https://www.greencarcongress.com/2019/0 ... -bnef.html
BloombergNEF: solar, wind, batteries to attract $10T to 2050; curbing emissions long-term will require other technologies
Deep declines in wind, solar and battery technology costs will result in a grid nearly half-powered by the two fast-growing renewable energy sources by 2050, according to the latest projections from BloombergNEF (BNEF). In its New Energy Outlook 2019 (NEO), BNEF sees these technologies ensuring that—at least until 2030—the power sector contributes its share toward keeping global temperatures from rising more than 2 degrees Celsius.
Each year, NEO compares the costs of competing energy technologies through a levelized cost of energy analysis. This year, the report finds that, in approximately two-thirds of the world, wind or solar now represent the least expensive option for adding new power-generating capacity.
Electricity demand is set to increase 62%, resulting in global generating capacity almost tripling between 2018 and 2050. This will attract $13.3 trillion in new investment.
NEO starts by analyzing technology trends and fuel prices to build a least cost view of the changing electricity sector. The results show coal’s role in the global power mix falling from 37% today to 12% by 2050 while oil as a power-generating source is virtually eliminated. Wind and solar grow from 7% of generation today to 48% by 2050. The contributions of hydro, natural gas, and nuclear remain roughly level on a percentage basis. . . .
The projected growth of renewables through 2030 indicates that many nations can follow a path for the next decade and a half that is compatible with keeping the increase in world temperatures to 2 degrees or less. They can do this without introducing additional direct subsidies for existing technologies such as solar and wind. . . .
Europe will decarbonize its grid the fastest with 92% of its electricity supplied by renewables in 2050. Major Western European economies in particular are already on a trajectory to significantly decarbonize thanks to carbon pricing and strong policy support. The U.S., with its abundance of low-priced natural gas, and China, with its modern fleet of coal-fired plants, follow at a slower pace.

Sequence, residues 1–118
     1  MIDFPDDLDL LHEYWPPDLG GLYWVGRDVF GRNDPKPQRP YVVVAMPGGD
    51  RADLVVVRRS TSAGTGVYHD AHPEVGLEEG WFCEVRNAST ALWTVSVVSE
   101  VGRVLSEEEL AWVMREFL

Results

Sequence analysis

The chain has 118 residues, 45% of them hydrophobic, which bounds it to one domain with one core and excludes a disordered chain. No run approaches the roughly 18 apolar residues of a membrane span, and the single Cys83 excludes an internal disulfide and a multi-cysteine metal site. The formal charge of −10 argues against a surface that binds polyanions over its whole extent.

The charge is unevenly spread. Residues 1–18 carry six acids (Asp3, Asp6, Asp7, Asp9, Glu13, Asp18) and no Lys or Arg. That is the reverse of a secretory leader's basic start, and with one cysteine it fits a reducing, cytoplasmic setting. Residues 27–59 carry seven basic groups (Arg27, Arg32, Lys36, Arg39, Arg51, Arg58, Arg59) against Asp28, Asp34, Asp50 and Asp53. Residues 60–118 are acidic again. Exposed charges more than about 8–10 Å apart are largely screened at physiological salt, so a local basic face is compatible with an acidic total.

China sees its power sector emissions peaking in 2026, and then falling by more than half in the next 20 years. Asia’s electricity demand will more than double to 2050. At $5.8 trillion, the whole Asia Pacific region will account for almost half of all new capital spent globally to meet that rising demand. China and India together are a $4.3 trillion investment opportunity. The U.S. will see $1.1 trillion invested in new power capacity, with renewables more than doubling its generation share, to 43% in 2050.
he outlook for global emissions and keeping temperature increases to 2 degrees or less is mixed, according to this year’s NEO. On the one hand, the build-out of solar, wind and batteries will put the world on a path that is compatible with these objectives at least until 2030. On the other hand, a lot more will need to be done beyond that date to keep the world on that 2 degree path.
One reason is that wind and solar will be capable of reaching 80% of the electricity generation mix in a number of countries by mid-century, with the help of batteries, but going beyond that will be difficult and will require other technologies to play a part—with nuclear, biogas-to-power, green hydrogen-to-power and carbon capture and storage among the contenders. . . .
In NEO 2019, BNEF for the first time considers 100% electrification of road transport and the heating of residential buildings, leading to a significant expansion of power generation’s role.
Under such this projection, overall electricity demand would grow by a quarter compared to a future in which road transport and residential heat only electrify as far as assumed in the main NEO scenario. Total generation capacity in 2050 would have to be three times the size of what is installed today. Overall, electrifying heat and transport would lower economy-wide emissions, saving 126GtCO2 between 2018 and 2050.
You can take this as well as all other long-term energy transition forecasts, with as few or as many grains of salt as you think wise.